Mon, 23 May 2011
From: The Jakarta Post
By Rangga D. Fadillah

A lack of reliable data on potential reserves is a major reason why Indonesia’s oil and gas blocks are not appealing to investors, a senior official says.

The director general of oil and gas at the Energy and Mineral Resources Ministry, Evita Herawati Legowo, announced on Friday that out of 17 blocks offered in 2010, only three were auctioned off.

The three blocks were Arguni I and South West Brid’s Head in West Papua and East Jabung, located in the border area of three provinces - Riau, Jambi and South Sumatra, she reported.

“The total investment commitment at the three blocks reached US$113 million in the first three years with a total signing bonus for the government of $31 million,” Evita said at the closing ceremony of the Indonesian Petroleum Association (IPA) 35th Annual Convention and Conference at the Jakarta Convention Center.

The winning bidder of the Arguni I block was Italy-based Eni Indonesia Limited, whose total investment commitment was $86.5 million and a signing bonus of $25 million. The South West Bird’s Head will be explored by France-based Total E&P Activities Petrolieres with a total investment of $19.5 million and a signing bonus of $5 million.

The last block, in East Jabung, will be developed by Pan Orient Holdings, which committed to invest $7.72 million and pay a total signing bonus of $1.5 million to the government.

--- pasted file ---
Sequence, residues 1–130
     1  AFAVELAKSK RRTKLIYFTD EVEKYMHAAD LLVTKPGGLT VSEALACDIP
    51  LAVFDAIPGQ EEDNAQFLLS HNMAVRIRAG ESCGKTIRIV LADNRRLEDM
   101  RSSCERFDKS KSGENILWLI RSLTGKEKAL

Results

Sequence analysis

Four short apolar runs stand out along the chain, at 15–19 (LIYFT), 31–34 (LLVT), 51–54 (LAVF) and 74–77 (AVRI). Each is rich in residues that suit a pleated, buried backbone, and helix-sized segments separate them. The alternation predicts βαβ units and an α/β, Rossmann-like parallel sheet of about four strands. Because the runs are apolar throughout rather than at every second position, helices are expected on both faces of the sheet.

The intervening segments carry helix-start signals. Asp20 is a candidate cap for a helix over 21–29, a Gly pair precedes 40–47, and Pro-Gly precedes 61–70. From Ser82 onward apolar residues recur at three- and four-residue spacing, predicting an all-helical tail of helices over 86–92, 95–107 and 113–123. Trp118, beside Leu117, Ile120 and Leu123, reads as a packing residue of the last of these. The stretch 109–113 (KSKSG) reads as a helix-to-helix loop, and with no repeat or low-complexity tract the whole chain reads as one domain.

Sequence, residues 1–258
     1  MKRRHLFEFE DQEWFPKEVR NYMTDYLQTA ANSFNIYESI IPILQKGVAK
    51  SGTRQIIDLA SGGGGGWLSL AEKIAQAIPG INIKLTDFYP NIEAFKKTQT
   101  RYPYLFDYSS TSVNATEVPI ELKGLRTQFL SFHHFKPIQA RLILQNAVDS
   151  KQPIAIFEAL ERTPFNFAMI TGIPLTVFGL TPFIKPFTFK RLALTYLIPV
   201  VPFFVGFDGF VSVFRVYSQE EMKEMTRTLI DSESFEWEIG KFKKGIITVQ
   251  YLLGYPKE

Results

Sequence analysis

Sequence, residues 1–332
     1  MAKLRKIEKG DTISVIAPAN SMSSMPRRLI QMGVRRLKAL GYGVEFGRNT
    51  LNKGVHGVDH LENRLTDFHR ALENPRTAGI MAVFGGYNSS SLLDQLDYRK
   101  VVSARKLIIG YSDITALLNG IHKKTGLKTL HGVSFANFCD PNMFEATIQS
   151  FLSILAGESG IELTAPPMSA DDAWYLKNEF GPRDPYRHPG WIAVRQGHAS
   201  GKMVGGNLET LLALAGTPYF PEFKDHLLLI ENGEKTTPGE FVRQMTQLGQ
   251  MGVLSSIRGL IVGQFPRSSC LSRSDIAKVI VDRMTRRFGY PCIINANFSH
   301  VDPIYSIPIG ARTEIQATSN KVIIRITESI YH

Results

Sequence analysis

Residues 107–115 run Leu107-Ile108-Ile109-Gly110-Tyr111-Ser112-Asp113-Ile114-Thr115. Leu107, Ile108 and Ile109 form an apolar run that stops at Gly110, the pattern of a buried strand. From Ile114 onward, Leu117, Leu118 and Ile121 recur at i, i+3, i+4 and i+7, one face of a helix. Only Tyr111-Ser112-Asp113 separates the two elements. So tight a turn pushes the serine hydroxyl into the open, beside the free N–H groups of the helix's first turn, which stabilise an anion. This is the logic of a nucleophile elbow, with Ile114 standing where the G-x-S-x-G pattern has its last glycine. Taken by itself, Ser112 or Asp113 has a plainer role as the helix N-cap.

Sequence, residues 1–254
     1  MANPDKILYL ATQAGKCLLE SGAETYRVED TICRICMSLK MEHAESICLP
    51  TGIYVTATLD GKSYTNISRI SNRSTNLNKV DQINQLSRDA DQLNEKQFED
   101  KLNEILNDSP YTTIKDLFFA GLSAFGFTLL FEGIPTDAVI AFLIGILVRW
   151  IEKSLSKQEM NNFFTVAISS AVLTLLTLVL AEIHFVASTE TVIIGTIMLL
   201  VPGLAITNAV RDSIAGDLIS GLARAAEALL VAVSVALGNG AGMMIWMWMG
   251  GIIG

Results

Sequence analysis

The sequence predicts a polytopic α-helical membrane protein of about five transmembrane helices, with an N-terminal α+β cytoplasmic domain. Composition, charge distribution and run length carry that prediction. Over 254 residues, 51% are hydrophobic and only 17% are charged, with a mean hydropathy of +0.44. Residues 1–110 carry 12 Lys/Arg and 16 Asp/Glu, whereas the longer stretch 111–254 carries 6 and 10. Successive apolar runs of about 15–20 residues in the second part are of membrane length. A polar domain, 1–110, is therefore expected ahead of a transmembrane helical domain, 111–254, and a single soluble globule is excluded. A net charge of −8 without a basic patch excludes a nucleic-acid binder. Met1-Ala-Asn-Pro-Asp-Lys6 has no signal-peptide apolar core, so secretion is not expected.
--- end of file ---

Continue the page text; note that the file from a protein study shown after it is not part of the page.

Actually, Evita said, the Tomini Bay II block had also attracted an investor - Niko Resources. However, the government did not accept the company’s proposal because the company did not meet the technical requirements set by the government.

In December last year, the ministry also announced that only three out of the 14 blocks offered in the first round of 2010 found investors. The blocks were Sokang, South Sokang and Wokam II.

In the closing ceremony, the ministry offered 20 new oil and gas blocks. As many as 11 blocks - Ranau, Northeast Madura, Belayan, East Simenggaris, North Ganal, Babar Selaru, Obi, North Semai, West Berau and Semai IV - will be offered directly to potential investors. The remaining nine blocks - including Bulu Rembang, offshore Timor sea I, offshore Timor sea II, Halmahera I, II, III, West Aru I, II and Arafura sea II - will be offered through tenders.

Learning from past experiences, Evita said, the government had offered more blocks via direct offers. She said these had a higher rate of success than tenders.

She said the ministry would overcome the problem of poor data collection to make the country’s oil and gas blocks more appealing for investors in the future.

“For potential blocks, we’ll fix the data,” she said after the closing ceremony.

In addition to more complete data on offered blocks, investors also expect the government to provide certainty about regulations and contract terms, she continued.

Global Petroleum Survey 2010, which studied the investment climate in 133 countries, ranked Indonesia 111th. Indonesia’s rank was below those of Cambodia, Vietnam, Pakistan, Uganda and Mozambique.



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